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Anthropology studies humankind from a comparative perspective that emphasizes the diversity of human behavior and the importance of culture in explaining that diversity. While the discipline encompasses the biological nature of our species and the material aspects of human adaptation, it takes as fundamental the idea that we respond to nature and natural forces in large part through culture. Anthropology, then, is the study of human beings as cultural animals. Sociocultural anthropology draws its data from the direct study of contemporary peoples living in a wide variety of circumstances, from peasant villagers and tropical forest hunters and gatherers to urban populations in modern societies, as well as from the history and prehistory of those peoples.

The Anthropology Program at MIT offers students a broad exposure to the discipline as well as an anthropological perspective on problems and issues relevant to other fields in the humanities, social sciences, and engineering. It also provides more intensive introduction to areas of faculty specialization, which include social and political organization, economics and human ecology, religion and symbolism, and the anthropology of medicine and scientific research. Geographical specializations include cultures of Latin America, the Middle East, and the United States.

The anthropology curriculum is divided into six groups that show the breadth of the field, with particular emphases: introductory, social anthropology, technology in cultural context, and areal and historical studies. Special topics in anthropology and advanced graduate subjects are also offered.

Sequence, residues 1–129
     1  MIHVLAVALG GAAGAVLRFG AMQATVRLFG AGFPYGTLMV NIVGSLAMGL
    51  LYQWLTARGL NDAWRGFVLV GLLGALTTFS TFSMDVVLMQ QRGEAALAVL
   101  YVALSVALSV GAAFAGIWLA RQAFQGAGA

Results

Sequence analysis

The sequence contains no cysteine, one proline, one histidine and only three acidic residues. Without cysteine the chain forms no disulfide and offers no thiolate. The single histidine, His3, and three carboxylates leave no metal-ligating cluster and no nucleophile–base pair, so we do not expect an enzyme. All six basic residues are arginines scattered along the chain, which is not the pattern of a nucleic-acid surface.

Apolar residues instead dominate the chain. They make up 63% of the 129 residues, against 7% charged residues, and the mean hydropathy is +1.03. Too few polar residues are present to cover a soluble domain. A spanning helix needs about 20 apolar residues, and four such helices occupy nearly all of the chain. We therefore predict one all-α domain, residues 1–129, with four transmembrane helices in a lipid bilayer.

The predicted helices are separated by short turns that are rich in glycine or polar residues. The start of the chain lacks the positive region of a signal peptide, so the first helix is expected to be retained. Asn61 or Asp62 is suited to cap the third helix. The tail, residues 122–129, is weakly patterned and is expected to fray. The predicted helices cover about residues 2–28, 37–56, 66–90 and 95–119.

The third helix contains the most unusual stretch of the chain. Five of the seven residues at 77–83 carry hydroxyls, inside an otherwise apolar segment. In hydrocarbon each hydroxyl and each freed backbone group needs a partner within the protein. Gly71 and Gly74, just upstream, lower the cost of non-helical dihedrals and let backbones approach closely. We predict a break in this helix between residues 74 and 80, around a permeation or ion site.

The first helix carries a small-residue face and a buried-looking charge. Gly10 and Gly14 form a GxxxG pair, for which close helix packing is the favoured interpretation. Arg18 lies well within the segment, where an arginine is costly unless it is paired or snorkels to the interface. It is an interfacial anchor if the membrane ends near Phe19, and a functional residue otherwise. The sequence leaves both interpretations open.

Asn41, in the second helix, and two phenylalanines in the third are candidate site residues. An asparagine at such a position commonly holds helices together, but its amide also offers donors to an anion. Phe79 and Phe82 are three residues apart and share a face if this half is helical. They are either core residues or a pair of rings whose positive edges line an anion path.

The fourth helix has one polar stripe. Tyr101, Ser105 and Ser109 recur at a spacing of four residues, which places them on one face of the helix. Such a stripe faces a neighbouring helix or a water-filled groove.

MIT Anthropology students learn about the concept of culture, the nature of anthropological fieldwork, and the connections between anthropology and the other social sciences. They study the various theories that attempt to explain human behavior as well as the range of methods anthropologists use to analyze data. Students can focus on geographical areas, and on issues like neocolonialism, gender studies, religion and symbolism, or comparative political organization.

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Undergraduate Courses
MIT Course #Course Title
21A.100 Introduction to Anthropology, Fall 2004
21A.110 Anthropological Theory, Spring 2003
21A.112 Seminar in Ethnography and Fieldwork, Fall 2003
21A.211 Magic, Witchcraft, and the Spirit World, Fall 2003
21A.212 Myth, Ritual, and Symbolism, Spring 2004
21A.215 Medical Anthropology, Fall 2004
21A.216J Dilemmas in Bio-Medical Ethics: Playing God or Doing Good?, Spring 2005
21A.217 Anthropology of War and Peace, Fall 2004
21A.218J Identity and Difference, Fall 2002
21A.219 Law and Society, Spring 2003
21A.224J Introduction to Latin American Studies, Fall 2005
21A.225J Violence, Human Rights, and Justice, Fall 2004
21A.226 Ethnic and National Identity, Spring 2005
21A.230J The Contemporary American Family, Spring 2004
21A.231J Gender, Sexuality, and Society, Spring 2006
21A.240 Race and Science, Spring 2004
21A.245J Power: Interpersonal, Organizational and Global Dimensions, Fall 2005
21A.260 Culture, Embodiment and the Senses, Fall 2005
21A.336 Marketing, Microchips and McDonalds: Debating Globalization, Spring 2004
21A.337J Documenting Culture, Spring 2004
21A.338J Gender, Power, and International Development, Fall 2003
21A.340J Technology and Culture, Fall 2006 NEW
21A.342 Environmental Struggles, Fall 2004
21A.344J Drugs, Politics, and Culture, Spring 2006
21A.344J Drugs, Politics, and Culture, Spring 2003
21A.348 Photography and Truth, Spring 2005
21A.350J The Anthropology of Computing, Fall 2004
21A.430J Introduction to Latin American Studies, Fall 2006 NEW
21A.441 The Conquest of America, Spring 2004
21A.453 Anthropology of the Middle East, Spring 2004
21A.460J Medicine, Religion and Politics in Africa and the African Diaspora, Spring 2005

Graduate Courses
MIT Course #Course Title
21A.337J Documenting Culture, Spring 2004
21A.750J Social Theory and Analysis, Fall 2004